4.5 is the last version of PF before the syntax changed in OpenBSD, and the consensus amongst FreeBSD developers was to not break everyone’s ruleset who is running PF in stock FreeBSD just by doing an OS upgrade, hence why 4.5 was the version of choice.

Where does PF in FreeBSD go from here? We’ve had discussions on this topic already amongst several FreeBSD developers, as well as including some of the OpenBSD guys, and have some rough plans in place for the next steps.  More information on that will come later.

Thanks to Ermal, Bjoern and Max for getting this done!

The FreeBSD Foundation needs donations

Tuesday, December 29th, 2009

The FreeBSD Foundation needs donations to meet their 2009 goal. They provide very important funding to the FreeBSD project, which serves as the base of the pfSense project. They are a not for profit organization, so your contribution may be tax deductible.

FreeBSD Foundation call for donations

Sunday, August 2nd, 2009

Passing on an email from The FreeBSD Foundation:

Millions of systems run FreeBSD. Hundreds of volunteers contribute to FreeBSD’s success. But what is the size of FreeBSD’s user base? This simple question is very hard to answer, but its answer is vital to the cause of promoting FreeBSD. It is extremely difficult to convince businesses to invest time and money to add FreeBSD support to their products based solely on vague estimates of the size of our community. We should know – working to make FreeBSD a more widely supported platform is a task the FreeBSD Foundation has worked on since its inception.

Please help us in our fight to promote FreeBSD. A donation to the FreeBSD Foundation helps fund our work, but it also gives us strength in numbers. Our count of unique donors is a vital indication of the size and buying power of our community. However, we have never broken even one thousand donors in any year. We know in our hearts that this is a small fraction of our user base and of those who want to help expand FreeBSD’s presence.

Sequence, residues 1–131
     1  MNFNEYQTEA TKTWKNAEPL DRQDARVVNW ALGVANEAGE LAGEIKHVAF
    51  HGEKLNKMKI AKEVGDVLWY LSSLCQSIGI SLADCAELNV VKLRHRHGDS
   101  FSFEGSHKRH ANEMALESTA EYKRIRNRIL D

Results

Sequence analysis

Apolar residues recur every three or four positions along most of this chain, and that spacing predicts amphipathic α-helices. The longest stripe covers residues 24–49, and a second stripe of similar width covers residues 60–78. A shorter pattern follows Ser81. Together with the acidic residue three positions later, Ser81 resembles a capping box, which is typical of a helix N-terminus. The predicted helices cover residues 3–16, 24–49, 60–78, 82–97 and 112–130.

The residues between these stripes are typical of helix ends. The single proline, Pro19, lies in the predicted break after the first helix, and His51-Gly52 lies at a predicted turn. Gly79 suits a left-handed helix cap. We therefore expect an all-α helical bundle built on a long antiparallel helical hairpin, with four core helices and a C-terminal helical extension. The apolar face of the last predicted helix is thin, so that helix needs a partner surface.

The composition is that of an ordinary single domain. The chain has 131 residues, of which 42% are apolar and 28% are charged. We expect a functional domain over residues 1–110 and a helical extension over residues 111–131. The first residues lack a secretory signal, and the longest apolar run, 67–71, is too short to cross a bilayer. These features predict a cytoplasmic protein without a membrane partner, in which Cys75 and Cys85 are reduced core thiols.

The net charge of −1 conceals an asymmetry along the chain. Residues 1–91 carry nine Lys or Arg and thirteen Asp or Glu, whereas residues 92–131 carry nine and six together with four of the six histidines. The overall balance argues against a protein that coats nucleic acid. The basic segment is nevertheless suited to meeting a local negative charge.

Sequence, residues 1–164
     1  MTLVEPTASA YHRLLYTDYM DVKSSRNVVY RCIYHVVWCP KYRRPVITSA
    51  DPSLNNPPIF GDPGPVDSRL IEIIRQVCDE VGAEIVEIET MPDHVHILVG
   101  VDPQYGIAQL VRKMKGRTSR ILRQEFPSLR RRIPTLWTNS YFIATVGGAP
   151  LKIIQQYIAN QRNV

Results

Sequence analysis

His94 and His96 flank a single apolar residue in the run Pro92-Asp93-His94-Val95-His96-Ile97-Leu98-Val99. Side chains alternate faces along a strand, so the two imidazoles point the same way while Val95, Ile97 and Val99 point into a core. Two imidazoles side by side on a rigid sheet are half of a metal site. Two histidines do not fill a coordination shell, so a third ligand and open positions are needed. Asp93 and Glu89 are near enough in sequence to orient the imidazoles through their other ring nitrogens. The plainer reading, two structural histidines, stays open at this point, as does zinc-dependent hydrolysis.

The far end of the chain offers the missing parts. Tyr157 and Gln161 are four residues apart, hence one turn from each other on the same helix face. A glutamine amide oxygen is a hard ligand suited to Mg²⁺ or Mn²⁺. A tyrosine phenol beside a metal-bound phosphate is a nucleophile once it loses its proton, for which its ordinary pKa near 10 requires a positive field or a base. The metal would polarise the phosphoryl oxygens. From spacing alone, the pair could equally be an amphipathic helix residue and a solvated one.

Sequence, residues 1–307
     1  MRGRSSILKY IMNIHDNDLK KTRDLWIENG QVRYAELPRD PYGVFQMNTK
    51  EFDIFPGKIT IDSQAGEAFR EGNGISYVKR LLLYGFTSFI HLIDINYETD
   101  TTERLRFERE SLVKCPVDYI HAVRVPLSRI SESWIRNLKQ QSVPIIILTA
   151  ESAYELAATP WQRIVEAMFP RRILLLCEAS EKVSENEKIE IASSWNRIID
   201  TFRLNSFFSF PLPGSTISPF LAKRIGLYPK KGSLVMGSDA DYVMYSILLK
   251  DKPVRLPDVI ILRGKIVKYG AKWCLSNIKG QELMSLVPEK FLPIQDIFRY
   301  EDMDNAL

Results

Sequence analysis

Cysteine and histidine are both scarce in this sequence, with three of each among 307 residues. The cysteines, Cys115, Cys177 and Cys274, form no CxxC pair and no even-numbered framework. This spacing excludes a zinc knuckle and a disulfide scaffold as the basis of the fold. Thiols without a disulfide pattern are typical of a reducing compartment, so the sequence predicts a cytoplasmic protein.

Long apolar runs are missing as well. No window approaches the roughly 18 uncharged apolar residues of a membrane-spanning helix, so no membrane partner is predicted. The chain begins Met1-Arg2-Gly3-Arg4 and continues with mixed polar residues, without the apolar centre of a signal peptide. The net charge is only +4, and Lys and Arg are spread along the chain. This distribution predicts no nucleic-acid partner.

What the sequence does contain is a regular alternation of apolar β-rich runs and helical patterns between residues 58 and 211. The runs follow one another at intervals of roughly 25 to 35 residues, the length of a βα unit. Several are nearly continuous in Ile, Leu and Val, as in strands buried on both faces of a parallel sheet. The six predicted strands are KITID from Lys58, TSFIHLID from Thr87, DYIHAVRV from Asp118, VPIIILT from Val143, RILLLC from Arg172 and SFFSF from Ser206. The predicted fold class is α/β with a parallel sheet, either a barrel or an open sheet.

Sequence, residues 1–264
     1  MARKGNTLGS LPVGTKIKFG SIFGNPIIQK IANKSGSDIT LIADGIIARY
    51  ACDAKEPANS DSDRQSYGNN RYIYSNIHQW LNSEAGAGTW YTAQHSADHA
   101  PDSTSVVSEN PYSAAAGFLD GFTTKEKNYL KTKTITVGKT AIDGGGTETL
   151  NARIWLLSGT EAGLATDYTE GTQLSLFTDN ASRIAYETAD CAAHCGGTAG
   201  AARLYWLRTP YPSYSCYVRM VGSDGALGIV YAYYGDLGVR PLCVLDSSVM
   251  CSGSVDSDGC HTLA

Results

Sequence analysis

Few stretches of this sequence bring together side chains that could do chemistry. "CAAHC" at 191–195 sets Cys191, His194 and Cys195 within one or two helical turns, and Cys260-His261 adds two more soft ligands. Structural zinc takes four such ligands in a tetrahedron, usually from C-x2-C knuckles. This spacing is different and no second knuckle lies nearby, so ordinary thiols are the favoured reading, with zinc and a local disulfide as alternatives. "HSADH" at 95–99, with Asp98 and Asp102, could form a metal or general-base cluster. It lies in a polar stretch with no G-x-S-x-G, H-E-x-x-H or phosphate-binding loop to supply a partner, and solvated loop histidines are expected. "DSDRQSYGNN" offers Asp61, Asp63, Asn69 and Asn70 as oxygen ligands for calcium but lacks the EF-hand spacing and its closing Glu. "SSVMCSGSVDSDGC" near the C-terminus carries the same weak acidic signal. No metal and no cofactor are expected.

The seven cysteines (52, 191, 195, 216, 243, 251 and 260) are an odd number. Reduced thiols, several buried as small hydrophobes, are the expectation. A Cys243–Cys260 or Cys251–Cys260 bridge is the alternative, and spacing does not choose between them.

So stand up and be counted! Make a donation. Encourage other FreeBSD users to donate as well. No donation amount is too large or too small. Just by becoming a donor you are making a powerful statement about the strength of FreeBSD!

As the base operating system of this project, much of the work the FreeBSD Foundation sponsors directly benefits pfSense users as well. You can donate here. The FreeBSD Foundation is a non-profit 501(c)3 charity, so your contributions may be tax deductable.

BSD Magazine lives on

Wednesday, July 8th, 2009

Karolina, editor of BSD Magazine, has left a comment here on our blog on my previous post that BSD Magazine will continue to be published!  This is great news, but of course it still needs the support of the BSD community.

So if you’re one of those who commented previously that you wished you had heard of it previously, you can still subscribe now.

Cisco killing off IPsec VPN Client, forcing even more licensing fees

Thursday, July 2nd, 2009

Doesn’t come as a surprise to me given that the client is still flaky on Vista and Windows 7 to this day, there is still no version compatible with 64 bit Windows (and never will be), but Cisco has ceased development of their IPsec VPN client. They’re forcing users to their SSL VPN product, which comes along with per-user licensing fees – something that did not apply to the IPsec VPN client. Cisco customers are paying an arm and a leg for the ASA and/or IOS hardware, and ought to have continued to be able to use any VPN without additional licensing fees on top of that.

But thanks Cisco, from a Cisco certified professional now making a good chunk of his living off replacing Cisco hardware with pfSense. I’m sure you’ve just driven a lot of folks to look at lower cost options, especially open source.

Can’t say I really care for the Cisco VPN Client anyway, it has blue screened Windows on me more in the past couple years than everything else combined (though the Mac version has never caused me any trouble).

Shrew Soft IPsec client is a nice, free alternative that’s proven to be more stable in my experience.

Help save BSD Magazine

Wednesday, July 1st, 2009

I have been a subscriber since the inaugural issue, and hope they can still make a go of it. Passing along an email from the editor of BSD Magazine.

I am sure most of you already heard that BSD magazine is going to be closed,
due to much lower benefits than expected and the economy in general…

There is one last chance thought – if I somehow manage to increase the sales
figures in stores the magazine will be published. I was given only one week
(till Monday). Not much, but better than nothing. I think it is worth trying!

I can’t do it alone -so I am asking you for your help and support. I know most
of you are already helping and I am really thankful for that.

If you could help me to promote the magazine on all forums, portals, blogs or
anywhere else I would be really grateful.

I have attached the cover of the most current issue of BSD magazine if you
would like to use it.

Please spread the word about BSD magazine!